Madeleine L’Engle died last week. Ms. L'Engle was the author A Wrinkle in Time, a truly enchanting book that I thoroughly enjoyed in my youth. The NY Times obituary summarizes her masterpiece as follows:
Meg Murray, with help from her psychic baby brother, uses time travel and extrasensory perception to rescue her father, a gifted scientist, from a planet controlled by the Dark Thing. She does so through the power of love.
As a child, I simply enjoyed the book and had no idea that this book was in any way controversial. However, while some have called her "one of the truly important writers of juvenile fiction...", it came as a surprise to me that:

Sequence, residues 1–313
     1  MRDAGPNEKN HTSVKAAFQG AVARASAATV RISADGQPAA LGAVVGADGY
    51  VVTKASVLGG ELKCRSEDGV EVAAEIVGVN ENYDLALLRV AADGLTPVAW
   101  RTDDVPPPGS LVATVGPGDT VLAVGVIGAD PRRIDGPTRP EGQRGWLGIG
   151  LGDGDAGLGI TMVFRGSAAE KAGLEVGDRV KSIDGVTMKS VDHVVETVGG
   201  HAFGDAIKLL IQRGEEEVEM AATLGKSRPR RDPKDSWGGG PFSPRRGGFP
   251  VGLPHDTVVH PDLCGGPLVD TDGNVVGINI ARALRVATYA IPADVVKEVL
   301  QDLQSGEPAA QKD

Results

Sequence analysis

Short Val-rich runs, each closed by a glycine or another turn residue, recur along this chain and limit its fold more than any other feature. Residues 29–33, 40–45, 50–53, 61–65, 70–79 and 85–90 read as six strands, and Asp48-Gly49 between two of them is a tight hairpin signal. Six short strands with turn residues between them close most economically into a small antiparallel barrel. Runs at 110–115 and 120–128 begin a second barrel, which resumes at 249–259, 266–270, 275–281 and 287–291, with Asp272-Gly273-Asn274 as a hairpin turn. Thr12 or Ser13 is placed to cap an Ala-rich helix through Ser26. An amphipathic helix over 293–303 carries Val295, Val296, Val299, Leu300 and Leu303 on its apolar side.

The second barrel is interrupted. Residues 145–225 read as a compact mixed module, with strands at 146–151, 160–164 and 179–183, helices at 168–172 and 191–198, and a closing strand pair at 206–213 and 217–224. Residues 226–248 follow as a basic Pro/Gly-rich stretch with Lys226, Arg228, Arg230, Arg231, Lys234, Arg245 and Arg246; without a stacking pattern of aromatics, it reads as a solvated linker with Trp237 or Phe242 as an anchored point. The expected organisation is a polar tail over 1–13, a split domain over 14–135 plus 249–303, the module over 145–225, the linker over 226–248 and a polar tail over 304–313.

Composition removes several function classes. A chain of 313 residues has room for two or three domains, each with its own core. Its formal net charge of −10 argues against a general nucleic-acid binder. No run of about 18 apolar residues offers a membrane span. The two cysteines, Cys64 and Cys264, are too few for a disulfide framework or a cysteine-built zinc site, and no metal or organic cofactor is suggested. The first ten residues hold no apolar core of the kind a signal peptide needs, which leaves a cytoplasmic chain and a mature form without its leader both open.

Such accolades did not come from pulling punches: “Wrinkle” is one of the most banned books because of its treatment of the deity.
And as a testament to how difficult it must be to evaluate great books before they become acknowledged as such:
What turned out to be her masterpiece was rejected by 26 publishers. Editors at Farrar, Straus and Giroux loved it enough to publish it, but told her that she should not be disappointed if it failed.
You have to wonder what those 26 publishers were thinking. Or is it that it is much easier to appreciate a book that is already acknowledged to be great?